When a 12(b)(6) motion is filed, the sufficiency of a complaint's allegations are tested. Granting the motion is appropriate if, accepting as true all the facts alleged in the complaint, the plaintiff has not pleaded "enough facts to state a claim to relief that is plausible on its face," or put another way, "nudged [his or her] claims across the line from conceivable to plausible." Bell Atlantic Corp. v. Twombly, 550 U.S. 544, 570 (2007). The Third Circuit interprets Twombly to require the plaintiff to describe "enough facts to raise a reasonable expectation that discovery will reveal evidence of" each necessary element of the claims alleged in the complaint. Phillips v. County of Allegheny, 515 F.3d 224, 234 (3d Cir. 2008) (quoting Twombly, 550 U.S. at 556). Moreover, the plaintiff must allege facts that "justify moving the case beyond the pleadings to the next stage of litigation." Id. at 234-35.
In relation to Federal Rule of Civil Procedure 8(a)(2), the complaint need only provide "'a short and plain statement of the claim showing that the pleader is entitled to relief,' in order to 'give the defendant fair notice of what the . . . claim is and the grounds upon which it rests,'" Twombly, 550 U.S. at 555 (citation omitted). "[T]he factual detail in a complaint [cannot be] so undeveloped that it does not provide a defendant the type of notice of claim which is contemplated by Rule 8." Phillips, 515 F.3d at 232 (citation omitted). "Rule 8(a)(2) requires a 'showing' rather than a blanket assertion of an entitlement to relief." Id.
The issue is whether the facts alleged in the complaint, if true, support a claim upon which relief can be granted. In deciding a 12(b)(6) motion, the court must accept as true all factual allegations in the complaint and give the pleader the benefit of all reasonable inferences that can fairly be drawn therefrom, and view them in the light most favorable to the plaintiff. Morse v. Lower Merion Sch. Dist., 132 F.3d 902, 906 (3d Cir. 1997). However, "we are not bound to accept as true a legal conclusion couched as a factual allegation." Ashcroft v. Iqbal, -- U.S. --, 129 S.Ct. 1937, 1949-50 (2009) (internal quotations omitted).
To decide a motion to dismiss, a court generally should consider only the allegations in the complaint, exhibits attached to the complaint, matters of public record, and documents that form the basis of a claim. See In re Burlington Coat Factory Sec. Litig., 114 F.3d 1410, 1426 (3d Cir. 1997); Pension Benefit Guar. Corp. v. White Consol. Indus., Inc., 998 F.2d 1192, 1196 (3d Cir. 1993).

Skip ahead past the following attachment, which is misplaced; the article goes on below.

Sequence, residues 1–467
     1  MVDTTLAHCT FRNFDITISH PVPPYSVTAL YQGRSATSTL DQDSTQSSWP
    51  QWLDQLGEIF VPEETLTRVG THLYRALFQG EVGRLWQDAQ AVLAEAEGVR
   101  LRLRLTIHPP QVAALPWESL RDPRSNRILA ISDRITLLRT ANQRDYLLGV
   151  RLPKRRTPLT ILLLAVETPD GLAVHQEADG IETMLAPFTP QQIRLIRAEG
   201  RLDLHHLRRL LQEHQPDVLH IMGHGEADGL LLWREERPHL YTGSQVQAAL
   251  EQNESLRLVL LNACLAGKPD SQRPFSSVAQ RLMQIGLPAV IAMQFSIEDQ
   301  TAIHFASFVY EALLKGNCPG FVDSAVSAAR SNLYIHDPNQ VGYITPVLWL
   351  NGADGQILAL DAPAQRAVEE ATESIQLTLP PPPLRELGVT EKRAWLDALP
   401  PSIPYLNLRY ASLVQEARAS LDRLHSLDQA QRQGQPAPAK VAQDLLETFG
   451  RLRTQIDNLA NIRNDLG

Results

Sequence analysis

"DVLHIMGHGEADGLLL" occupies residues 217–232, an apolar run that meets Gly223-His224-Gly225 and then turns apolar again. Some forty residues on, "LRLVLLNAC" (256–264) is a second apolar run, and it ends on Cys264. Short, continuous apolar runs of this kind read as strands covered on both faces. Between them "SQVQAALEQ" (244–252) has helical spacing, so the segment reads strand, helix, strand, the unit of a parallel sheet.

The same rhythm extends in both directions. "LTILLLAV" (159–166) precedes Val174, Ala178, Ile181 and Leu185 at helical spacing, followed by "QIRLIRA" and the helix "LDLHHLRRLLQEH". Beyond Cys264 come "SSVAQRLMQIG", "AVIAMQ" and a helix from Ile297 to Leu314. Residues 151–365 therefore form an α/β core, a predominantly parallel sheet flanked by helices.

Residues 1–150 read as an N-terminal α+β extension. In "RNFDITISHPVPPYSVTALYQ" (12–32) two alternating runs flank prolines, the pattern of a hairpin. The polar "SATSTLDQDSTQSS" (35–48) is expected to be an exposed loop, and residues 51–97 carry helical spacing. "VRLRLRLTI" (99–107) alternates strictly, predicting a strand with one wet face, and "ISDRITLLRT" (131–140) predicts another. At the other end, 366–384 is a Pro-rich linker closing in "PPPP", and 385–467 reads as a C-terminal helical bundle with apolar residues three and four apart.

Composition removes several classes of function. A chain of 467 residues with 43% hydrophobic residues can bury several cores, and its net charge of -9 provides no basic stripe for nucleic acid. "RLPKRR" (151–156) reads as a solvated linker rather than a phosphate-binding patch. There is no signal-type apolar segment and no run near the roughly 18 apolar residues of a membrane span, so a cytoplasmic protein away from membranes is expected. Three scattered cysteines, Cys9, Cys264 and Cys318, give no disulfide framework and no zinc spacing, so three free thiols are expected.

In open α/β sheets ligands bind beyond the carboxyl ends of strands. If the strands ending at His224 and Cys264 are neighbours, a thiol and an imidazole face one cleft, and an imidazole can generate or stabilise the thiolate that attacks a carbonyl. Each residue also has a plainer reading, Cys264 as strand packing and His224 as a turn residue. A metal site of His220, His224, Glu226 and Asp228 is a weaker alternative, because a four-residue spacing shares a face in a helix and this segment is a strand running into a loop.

Defendant argues that Count II must be dismissed because it is preempted by the Pennsylvania Motor Vehicle Financial Responsibility Law ("MVFRL"). 75 PA. CONS. STAT. ANN. §§ 1701-1799.7 (West 2006). In the alternative, Defendant argues paragraph 40(h) of Count II must be repleaded due to vagueness and ambiguity. We address each argument in turn.
1. Plaintiff's Bad Faith Claim
Plaintiff contends Defendant violated Pennsylvania's insurance bad faith statute, 42 PA. CONS. STAT. ANN. § 8371. At issue is whether the MVFRL provides the exclusive remedy for Plaintiff's claim, preempting his claim under section 8371 for bad faith.
Section 8371 authorizes recovery for an insurance company's bad faith towards an insured. It provides for several remedies upon a finding of bad faith: (1) an award of "interest on the amount of the claim" at a rate equal to "the prime rate of interest plus 3%"; (2) an award of "punitive damages against the insurer"; and/or (3) an assessment of "court costs and attorney fees against the insurer." 42 PA. CONS. STAT. ANN. § 8371.
The MVFRL requires automobile insurers to provide medical benefit coverage "for reasonable and necessary medical treatment and rehabilitative services." 75 PA. CONS. STAT. ANN. § 1712(1). If an insurer wishes to challenge the reasonableness and necessity of an insured's medical treatment, it must contract with a peer review organization ("PRO") for evaluation of the healthcare services provided to the insured. Id. § 1797(b)(1). The insurer, healthcare provider or insured may challenge the initial determination of the PRO through a request for reconsideration. Id. § 1797(b)(2). If an insurer does not utilize the PRO process, the healthcare provider or the insured may challenge the PRO's initial determination before a court. Id. § 1797(b)(4). If either a PRO or a court finds the treatment was medically necessary, the insurer must pay to the healthcare provider the benefits owed with interest at the rate of 12% per year. Id. §§ 1797(b)(5)-(6). In the case of a court determination, the insurer must also pay "the costs of the challenge and all attorney fees." Id. § 1797(b)(6); see also id. § 1716 (providing that if an insurer is found to have acted in an "unreasonable manner" in refusing to pay medical benefits, the insurer shall pay, in addition to benefits owed, "a reasonable attorney fee based upon actual time expended"); id. § 1798(b) ("In the event an insurer is found to have acted with no reasonable foundation in refusing to pay [first-party benefits] when due, the insurer shall pay, in addition to the benefits owed and the interest thereon, a reasonable attorney fee based upon actual time expended."). Additionally, if a court finds the insurer's conduct wanton, that insurer "shall be subject to a payment of treble damages to the injured party." Id. § 1797(b)(4).